Humans of Montego Bay

During our time in Montego Bay, we met some incredible people with even more incredible stories. We were encouraged and embraced by each of them as we had the privilege to serve them. It had become evideimg_2173nt that our trip was intended to be more than the act of pouring out materials to a resource poor city. Rather, it was meant to be an opportunity to serve others while learning valuable lessons that are worth more than anything money can buy. Today, we had the privilege to talk to some of the people in the city of Retirement. We asked them what motivated them to come in today for their health screenings and their answers reflected their eagerness to learn about their health. Thank you to these amazing individuals for volunteering their stories.

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“It is important to know of your cancer or your blood sugar so that you can be treated and take medication for it. I saw the driver and was told about the health screening so I decided to stop by. It is always good to know than to not know.”

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“Experience with getting my blood sugar checked. I thought it was going to be painful but it was not. It was the first time to know what is going on with me.”

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“In a community we appreciate all of the activities going on. Check on your system to find out what problems you have.”

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“Because we don’t have money to private doctor and since you are free, why not come. There are a lot of people and no doctors to attend. We appreciate you guys coming. There are so many diseases coming around that make me very concerned. We have to make sure to check our systems to see if we are okay. With you guys here, we feel good.”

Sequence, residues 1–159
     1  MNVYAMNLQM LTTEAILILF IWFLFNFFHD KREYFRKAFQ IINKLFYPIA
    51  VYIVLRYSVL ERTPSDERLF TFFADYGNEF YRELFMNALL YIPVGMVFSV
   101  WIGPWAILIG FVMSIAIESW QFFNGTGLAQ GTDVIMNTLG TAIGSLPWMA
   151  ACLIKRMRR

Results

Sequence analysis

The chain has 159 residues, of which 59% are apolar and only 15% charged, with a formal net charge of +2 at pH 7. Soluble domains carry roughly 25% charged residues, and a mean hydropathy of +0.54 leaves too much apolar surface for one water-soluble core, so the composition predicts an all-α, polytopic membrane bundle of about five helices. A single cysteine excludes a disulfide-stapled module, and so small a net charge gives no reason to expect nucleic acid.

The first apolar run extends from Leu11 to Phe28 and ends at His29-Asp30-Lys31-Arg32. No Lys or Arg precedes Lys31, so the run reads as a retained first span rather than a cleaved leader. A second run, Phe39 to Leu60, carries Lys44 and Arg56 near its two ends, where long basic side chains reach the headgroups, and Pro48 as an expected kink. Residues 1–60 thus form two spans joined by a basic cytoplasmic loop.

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“It has gotten better but before, it was not so good. All day and all night to see a doctor. They just give you a prescription and that’s it. I am diabetic and my health is really important. Only Metformin is free. Insulin, you have to buy. In so many years, you are the first in 15 years that have come out to screen us.” img_2159

 

 

 

 

 

 

 

“Very excited to come. We need to keep our body healthy, eat properly to stay active.”

 

Lastly we had the honor of talking to Marva Lawson-Byfield, the Chief Nursing Officer of Jamaica, as she shared inspirational words with us. Almost every one of us were welling with tears in our eyes when she reminded us of how important it is to not only learn the code of nursing ethics but to actually put it into practice. The way in which she spoke with absolute confidence, warmth, and authenticity left us in awe of her ability to touch all people in such a personal way. In some ways, we felt like we were watching our childhood super hero while dreaming to be like her one day. By the end of the night, we were filled with the hope and the motivation to soon become the type of nurse that she described– one that serves others with the guidance of our head, heart, and hands.

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“If nurses don’t care, the patient dies. The head and the hands must be guided by the heart.”

In the words of Reverend Clement Clarke, the senior pastor of Montego Bay New Testament Church of God, “Do not ever forget, nursing is a calling.” 

 

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